Wednesday, February 13, 2013


Our Great Little Silver

Ole Silver was one of the greatest little chums a guy could have.   This picture shows more than the four cousins or the pony. 

To the right, behind Silver with Milton, Donnie and Yvonne is the old stone house.  The one they lived in when they came in 1900.  To the left is the other stone house.  They were each just one room.  The second one on the left, had originally been farther to the right, toward the other one.  When they came, it was a half dugout, in the area where we had a garden.  But Grandpa and the boys or men, had dug it out and rebuilt it where is now sets.

When we moved there on January 31, 1941, the square room had no roof.  But had an octagonal wooden wall around it.  The walls were six or eight feet away from the stone walls and was covered with wood shingle roof.
Those are the two buildings involved in the evening of the Halloween party and the ghost.  When we moved there the wood walls and roof were in pretty bad array.  Within a year we had torn down the wood roof and walls and put on the roof you see in this picture.  Just on the outside east wall, there was a pile of old lumber and some pieces of corrugated iron roofing.  In front of the Stone house is the cistern, right behind me.

Daddy had a pair of little rat terriers.  Oh, they loved to hunt mice and rats.  As we began pulling those boards apart, there was plenty of activity and fun.  Immediate caution sized our throats when Daddy lifted the end of sheet iron and an eighteen inch rattle snake struck at him.  I guess we didn't imagine at that time what was in store for us all.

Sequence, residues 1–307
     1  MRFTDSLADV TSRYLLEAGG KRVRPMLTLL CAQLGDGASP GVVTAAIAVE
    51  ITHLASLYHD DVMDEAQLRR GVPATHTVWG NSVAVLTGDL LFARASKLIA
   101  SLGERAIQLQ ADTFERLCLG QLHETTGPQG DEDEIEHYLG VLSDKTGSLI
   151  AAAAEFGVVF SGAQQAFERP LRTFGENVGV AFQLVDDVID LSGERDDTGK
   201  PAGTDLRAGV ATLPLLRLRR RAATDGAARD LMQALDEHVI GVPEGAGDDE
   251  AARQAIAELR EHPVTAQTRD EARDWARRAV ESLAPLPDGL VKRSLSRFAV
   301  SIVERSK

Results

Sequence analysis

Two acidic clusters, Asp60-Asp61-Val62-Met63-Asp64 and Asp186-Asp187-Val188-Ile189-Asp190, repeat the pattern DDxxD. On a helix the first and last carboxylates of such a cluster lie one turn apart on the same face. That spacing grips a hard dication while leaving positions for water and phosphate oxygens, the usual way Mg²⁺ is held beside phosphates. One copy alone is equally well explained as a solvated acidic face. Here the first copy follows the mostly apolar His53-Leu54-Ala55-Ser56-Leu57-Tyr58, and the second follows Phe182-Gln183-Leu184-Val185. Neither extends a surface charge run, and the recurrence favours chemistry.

And Assume All His Responsibilities

Grandpa Easley was bed fast for five years.  Aunt Pearl (his youngest daughter) and her husband, Uncle Everett Davis had moved in to take care of him and run the farm.   It was an agreement of his family.  But I never knew any of the arrangements.  During that time, Grandma Easley died.  Mother and Daddy had planned to marry in November, 1936, but due to her death they thought it best to wait a few weeks.  So they were married, as you know, December 19, 1936.

While Grandpa was still living, it was agreed with his estate that Mother and Daddy would buy his place.  I know none of those arrangements either.  Uncle Everett learned of defense work in Washington State.  He asked to be re-leaved of his responsibilities on the farm.  Our Parents agreed to begin January 1, 1941.  But Grandpa died on New Years Day.  So Uncle Everett's were able to leave and we could move at our leisure.   We did.  On January 31, 1941 we moved into Grandpa's house.

This is the house they built in 1906.  Grandma and Grandpa are standing under the corner of the porch between the two post.   There are eight men besides Grandpa, six women besides Grandma, six babies in arms and eight children on the ground.  I know they had six living sons and three daughters.  So this probably was not a gathering of cousins and other relatives.  But mostly members of Grandma and Grandpa's own family.  Maybe an uncle, brother, or cousin might have been staying for a while.

The house faces west, the road runs north and south.  They are facing south and a little west.  The porch crosses the front and goes along the entire south side.  There are two rooms on the front and one long room extending to the east.

Tuesday, February 12, 2013


Riding Along with Family Members

Thanks to Pallie Sue and Yvonne for providing these pictures.